KSM Masthead
Wild Mushroom Tart

Wild Mushroom Tart
Yield: One 9-inch round tart,
serving 6 to 8 as an entrée with a hearty salad

When I was four years old, my mother was chopping vegetables for a stir-fry one night and introduced me to mushrooms by handing me an uncooked one. I nibbled it, determined it acceptable and myself an Eater of Mushrooms; I would like to tell you that my relationship with mushrooms has been splendid from that day forward, but the next day, in the backyard, it went south.

I was playing with my sister and informed her, all-importantly, that I was a Mushroom Eater now, and proved it by plucking one from the ground and taking a bite. I was quick to learn – as my mother whisked me to the emergency room – that backyard mushrooms and grocery-store mushrooms are not the same. It turned out that, within my small four-year-old, curly-topped packing, there was a stomach – and a psyche – of steel, and both were immune to the urgency of the situation. I was later sent home, stomach contents and cheer intact, with the diagnosis that I was probably going to live.

I don’t remember mushrooms much after that. It’s entirely possible that my parents decided that messing further with their younger daughter’s tenuous grip on common sense wasn’t worth it and didn’t buy them for a while. I next remember mushrooms from the 1990s, when wild mushrooms were all the rage on pizza and pasta, and I loved them as I had once before. This was also around the time I began to fall for savory dinner tarts, quiche compatriots that were a little less about custard, a lot more about the vegetables. A wedge of one with a big green salad was then and is to this day one of my favorite meals. These days, it’s also a bit of a savior, something that I can make on a Sunday and know we can enjoy it for light dinners until Tuesday. This version, packed with as many mushrooms as I could squeeze into a 9-inch shell, takes a haphazard tour of Italy with a cornmeal-enhanced crust and three cheeses. It got a little lost somewhere between Lombardy’s mascarpone, Reggio Emilia’s Parmesan, and Southern Italy’s provolone, and it’s not sorry – nor would I be, had I the chance to join it for its whirlwind tour.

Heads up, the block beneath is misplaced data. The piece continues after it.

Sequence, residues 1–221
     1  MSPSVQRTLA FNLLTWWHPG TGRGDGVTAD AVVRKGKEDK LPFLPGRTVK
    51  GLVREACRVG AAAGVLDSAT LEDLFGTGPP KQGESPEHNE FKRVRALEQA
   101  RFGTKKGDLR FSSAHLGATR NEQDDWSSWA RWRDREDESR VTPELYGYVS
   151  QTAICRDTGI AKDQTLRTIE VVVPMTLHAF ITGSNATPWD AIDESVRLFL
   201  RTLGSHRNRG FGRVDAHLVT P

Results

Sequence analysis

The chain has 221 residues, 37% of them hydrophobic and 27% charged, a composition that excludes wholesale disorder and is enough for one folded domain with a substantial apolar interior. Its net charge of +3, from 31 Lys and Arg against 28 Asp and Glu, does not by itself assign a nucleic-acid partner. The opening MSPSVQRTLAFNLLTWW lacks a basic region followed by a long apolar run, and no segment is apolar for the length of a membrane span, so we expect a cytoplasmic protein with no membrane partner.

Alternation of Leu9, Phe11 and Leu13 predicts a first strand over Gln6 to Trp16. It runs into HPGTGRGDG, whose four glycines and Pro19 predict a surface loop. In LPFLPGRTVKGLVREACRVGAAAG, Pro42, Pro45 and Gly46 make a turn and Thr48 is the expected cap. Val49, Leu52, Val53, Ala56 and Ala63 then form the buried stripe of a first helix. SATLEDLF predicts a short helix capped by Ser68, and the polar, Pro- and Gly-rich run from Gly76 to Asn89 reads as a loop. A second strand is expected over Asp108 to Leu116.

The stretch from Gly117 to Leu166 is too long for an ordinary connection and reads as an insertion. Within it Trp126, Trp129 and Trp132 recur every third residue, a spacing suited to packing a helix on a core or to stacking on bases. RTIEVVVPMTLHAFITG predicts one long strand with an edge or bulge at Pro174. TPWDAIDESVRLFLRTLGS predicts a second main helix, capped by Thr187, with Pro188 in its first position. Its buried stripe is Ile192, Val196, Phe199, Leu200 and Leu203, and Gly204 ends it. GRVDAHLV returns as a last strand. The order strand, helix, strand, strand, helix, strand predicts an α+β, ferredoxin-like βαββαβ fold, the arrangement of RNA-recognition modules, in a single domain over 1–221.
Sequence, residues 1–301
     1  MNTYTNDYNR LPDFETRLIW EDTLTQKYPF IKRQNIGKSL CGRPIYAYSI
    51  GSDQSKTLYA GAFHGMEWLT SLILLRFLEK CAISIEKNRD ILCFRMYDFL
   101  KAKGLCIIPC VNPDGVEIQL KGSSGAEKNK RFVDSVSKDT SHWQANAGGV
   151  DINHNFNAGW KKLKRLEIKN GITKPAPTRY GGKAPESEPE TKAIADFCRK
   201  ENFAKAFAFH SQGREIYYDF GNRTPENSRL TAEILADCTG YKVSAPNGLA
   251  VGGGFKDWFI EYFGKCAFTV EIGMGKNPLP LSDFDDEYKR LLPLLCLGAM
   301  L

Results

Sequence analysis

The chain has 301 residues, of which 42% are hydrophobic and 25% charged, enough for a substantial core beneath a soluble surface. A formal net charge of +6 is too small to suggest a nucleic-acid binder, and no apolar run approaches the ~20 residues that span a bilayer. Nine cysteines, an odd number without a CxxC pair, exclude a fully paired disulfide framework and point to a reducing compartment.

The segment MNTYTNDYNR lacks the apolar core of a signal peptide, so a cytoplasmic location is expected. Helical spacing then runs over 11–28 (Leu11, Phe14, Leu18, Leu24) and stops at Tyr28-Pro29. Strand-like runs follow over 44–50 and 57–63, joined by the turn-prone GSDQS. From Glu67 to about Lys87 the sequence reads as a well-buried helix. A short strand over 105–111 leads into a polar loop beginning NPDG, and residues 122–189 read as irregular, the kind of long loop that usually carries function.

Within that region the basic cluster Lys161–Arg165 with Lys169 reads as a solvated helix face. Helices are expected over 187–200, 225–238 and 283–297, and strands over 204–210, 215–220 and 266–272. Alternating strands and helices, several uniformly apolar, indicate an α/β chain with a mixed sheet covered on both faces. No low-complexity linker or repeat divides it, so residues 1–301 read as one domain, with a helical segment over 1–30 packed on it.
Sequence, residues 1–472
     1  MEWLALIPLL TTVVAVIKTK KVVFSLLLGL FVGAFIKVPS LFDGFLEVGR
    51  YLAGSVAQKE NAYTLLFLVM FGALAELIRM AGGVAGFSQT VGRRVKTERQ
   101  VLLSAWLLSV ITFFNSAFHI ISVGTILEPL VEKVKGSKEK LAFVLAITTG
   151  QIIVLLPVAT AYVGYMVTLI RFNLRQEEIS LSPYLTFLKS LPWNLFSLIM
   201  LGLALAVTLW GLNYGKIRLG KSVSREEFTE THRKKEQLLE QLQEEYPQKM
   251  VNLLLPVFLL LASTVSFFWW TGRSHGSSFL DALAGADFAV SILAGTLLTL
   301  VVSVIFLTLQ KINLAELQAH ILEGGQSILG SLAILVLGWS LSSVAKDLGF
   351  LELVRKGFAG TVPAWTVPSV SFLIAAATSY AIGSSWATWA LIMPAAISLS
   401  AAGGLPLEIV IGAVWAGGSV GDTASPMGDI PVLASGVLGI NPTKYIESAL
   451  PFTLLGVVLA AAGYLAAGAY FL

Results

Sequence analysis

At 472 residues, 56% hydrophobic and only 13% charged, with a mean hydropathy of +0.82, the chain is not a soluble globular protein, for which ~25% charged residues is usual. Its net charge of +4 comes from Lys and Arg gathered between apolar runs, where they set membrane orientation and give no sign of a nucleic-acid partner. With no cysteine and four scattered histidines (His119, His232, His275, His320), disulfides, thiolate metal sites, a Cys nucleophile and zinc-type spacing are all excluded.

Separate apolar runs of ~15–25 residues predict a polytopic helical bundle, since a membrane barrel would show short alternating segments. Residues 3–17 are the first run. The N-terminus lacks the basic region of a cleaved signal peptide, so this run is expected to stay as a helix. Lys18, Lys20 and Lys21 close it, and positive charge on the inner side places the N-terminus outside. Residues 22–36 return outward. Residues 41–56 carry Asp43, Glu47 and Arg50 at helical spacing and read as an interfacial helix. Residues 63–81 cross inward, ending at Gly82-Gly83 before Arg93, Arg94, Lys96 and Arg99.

1 cup plus 2 tablespoons (140 grams) all-purpose flour
1/4 cup (30 grams) yellow cornmeal
1/4 teaspoon table salt
6 tablespoons (85 grams or 3/4 stick) unsalted butter,
chilled, diced, plus additional to grease foil
1 large egg

1 tablespoon olive oil
1 tablespoon unsalted butter
2 medium shallots, thinly sliced
1 garlic clove, minced
1/2 pound (225 grams) cremini or brown mushrooms, thinly sliced
1 teaspoon chopped fresh thyme leaves
1 pound (455 grams) assorted wild mushrooms,
   such as shitake, oyster, or chanterelles (if unavailable, use
   more creminis), sliced or torn into small segments
1 teaspoon table salt
Freshly ground black pepper
1/4 cup (60 grams) mascarpone cheese, at room temperature
1/4 cup (60ml) milk
2 large eggs
1/2 cup (55 grams) grated provolone or Italian fontina cheese
1/4 cup (25 grams) finely grated Parmesan or Romano cheese

To Make Crust by Hand - In a large bowl, combine the flour, cornmeal, and salt. Work the butter into the dry ingredients with a pastry blender, fork, or your fingertips until only tiny bits of it remain visible. Add the egg, and mix with a fork until a dough forms. If this does not happen easily, toss the dough onto the counter and knead it briefly together. This dough can be rather tough, but with a little elbow grease it does come together nicely.

To Make Crust in Food Processor - Combine the flour, cornmeal, and salt in the work bowl of your food processor. Add the butter, and pulse machine on and off until the butter is in very tiny bits. Add the egg, and run the machine until the dough starts to clump together.